Wednesday, April 20, 2011

Casino Royale (1966)

I have no cinematic guilty pleasures, so when I enjoy a movie like the absurd James Bond burlesque Casino Royale, I don't feel guilty about it. I feel stupid, sure, but not guilty.

Cooked up by six directors (Ken Hughes, John Huston, Joseph McGrath, Robert Parrish, Richard Talmadge, led by Val Guest), and with three credited and seven uncredited writers — including such heavyweights as Ben Hecht, Woody Allen, Joseph Heller, Terry Southern and Billy Wilder — there's no way this could be anything but a train wreck, and that's what it is. But who ever said train wrecks weren't fun to watch? It's like that old Dennis the Menace cartoon in which the kid mixes root beer, ketchup, peanut butter, and assorted other gastronomic favorites into one concoction on the theory that if each one of them tastes good alone, blended together they must be super yummy. Sure.

Based on Ian Fleming's first 007 novel — yeah, like The Origin of Species is based on the Book of Genesis — the comedic premise is that Sir James Bond is called out of retirement to best SMERSH's financier, Le Chiffre (Orson Welles), at cards. Why? What, you're expecting a plot? Okay, if you insist: Le Chiffre has been gambling with SMERSH's money and British Intelligence wants to break him. Happy, now?

To confuse the enemy — not to mention the audience — just about everyone on the side of the good guys is called "James Bond," so David Niven, Peter Sellers and Woody Allen, among others, are all JBs. Sir James (Niven) also enlists the aid of his love-child daughter, Mata Bond (Joanna Pettet), and sexy spy Vesper Lynd (Ursula Andress).

Hating each other, Welles and Sellers refused to be on set at the same time, so their scenes had to be shot separately and then welded together. It must have been pure hell. The enmity, at its core, seems to have been the result of Princess Margaret (the Queen's sister) visiting the set one day and fawning over Welles while ignoring Sellers, who would hold up filming by disappearing for days at a time and was finally fired before filming completed. He was replaced by a cardboard cutout.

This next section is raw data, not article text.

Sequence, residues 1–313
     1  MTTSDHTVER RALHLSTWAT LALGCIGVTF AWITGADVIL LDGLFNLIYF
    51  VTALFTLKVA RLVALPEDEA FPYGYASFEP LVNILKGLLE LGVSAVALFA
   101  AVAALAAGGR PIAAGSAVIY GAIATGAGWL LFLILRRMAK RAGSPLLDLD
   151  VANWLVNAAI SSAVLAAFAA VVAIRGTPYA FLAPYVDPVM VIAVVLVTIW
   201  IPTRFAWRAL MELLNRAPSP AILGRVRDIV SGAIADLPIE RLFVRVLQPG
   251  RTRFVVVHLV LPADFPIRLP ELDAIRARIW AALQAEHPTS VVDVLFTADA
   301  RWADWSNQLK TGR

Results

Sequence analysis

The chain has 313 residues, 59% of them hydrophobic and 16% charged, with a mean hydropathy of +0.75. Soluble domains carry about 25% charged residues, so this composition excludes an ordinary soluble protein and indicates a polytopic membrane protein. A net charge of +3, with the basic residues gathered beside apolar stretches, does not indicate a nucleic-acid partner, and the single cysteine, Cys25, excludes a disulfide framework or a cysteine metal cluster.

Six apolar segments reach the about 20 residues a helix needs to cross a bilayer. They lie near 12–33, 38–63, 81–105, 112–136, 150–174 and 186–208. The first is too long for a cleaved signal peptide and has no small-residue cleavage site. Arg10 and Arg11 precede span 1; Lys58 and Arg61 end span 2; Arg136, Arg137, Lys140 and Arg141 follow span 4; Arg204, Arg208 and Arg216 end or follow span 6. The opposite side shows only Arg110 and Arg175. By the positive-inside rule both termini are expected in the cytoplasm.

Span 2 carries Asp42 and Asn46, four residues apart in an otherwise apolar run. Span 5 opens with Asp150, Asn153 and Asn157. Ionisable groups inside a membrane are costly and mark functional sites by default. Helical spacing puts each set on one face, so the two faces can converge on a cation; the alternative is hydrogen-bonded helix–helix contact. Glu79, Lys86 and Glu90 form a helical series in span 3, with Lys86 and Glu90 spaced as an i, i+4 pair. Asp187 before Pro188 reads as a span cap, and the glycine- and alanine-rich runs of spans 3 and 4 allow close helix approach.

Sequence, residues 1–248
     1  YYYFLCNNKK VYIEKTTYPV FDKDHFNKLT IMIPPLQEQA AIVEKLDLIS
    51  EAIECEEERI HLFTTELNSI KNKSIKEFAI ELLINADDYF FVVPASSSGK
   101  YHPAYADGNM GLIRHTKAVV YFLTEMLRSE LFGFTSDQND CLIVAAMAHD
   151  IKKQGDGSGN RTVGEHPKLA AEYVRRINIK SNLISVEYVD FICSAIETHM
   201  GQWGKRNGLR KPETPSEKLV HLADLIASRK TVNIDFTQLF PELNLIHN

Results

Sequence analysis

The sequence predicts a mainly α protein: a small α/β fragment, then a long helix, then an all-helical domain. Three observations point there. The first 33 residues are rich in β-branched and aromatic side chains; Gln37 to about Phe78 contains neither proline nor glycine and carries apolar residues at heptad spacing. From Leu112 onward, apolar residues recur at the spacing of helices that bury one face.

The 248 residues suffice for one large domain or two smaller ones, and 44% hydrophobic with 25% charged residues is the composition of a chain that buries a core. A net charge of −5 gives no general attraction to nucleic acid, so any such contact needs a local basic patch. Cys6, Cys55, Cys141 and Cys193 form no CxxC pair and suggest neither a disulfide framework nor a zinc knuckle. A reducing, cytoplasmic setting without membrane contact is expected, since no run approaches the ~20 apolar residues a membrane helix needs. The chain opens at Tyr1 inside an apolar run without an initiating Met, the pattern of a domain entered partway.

If only the whole movie could have been welded together. It's truly a near-incomprehensible catastrophe, but it's saved by being so stupefyingly mid-1960s. Watch for a cartload of cameo appearances, including ones from Peter O'Toole and William Holden, and the score by Burt Bacharach fits the idiocy perfectly, especially in the Berlin section.

It's the Berlin sequence, directed b y Ken Hughes (who would soon do penance by directing the film of Ian Fleming's Chitty Chitty Bang Bang two years later), that holds together best. In Berlin, Sir James visits the Mata Hari Dance and Spy School to see his daughter. The set design in the school is a pitch perfect parody of German Expressionism, as are costumes, makeup and (over) acting styles. Bacharach's bouncy Berlin theme sounds as if it would be right at home in a production of The Three Penny Opera. Such spot-on satire seems out of place in the middle of all this silliness, but it is a welcome moment of genuine comic filmmaking.

Maybe you had to be there in the mid-1960s to dig this psychedelic zaniness (one reviewer at the time called the film "an electronic vaudeville show") and if you were, you'll probably have fun going back for a couple of hours.

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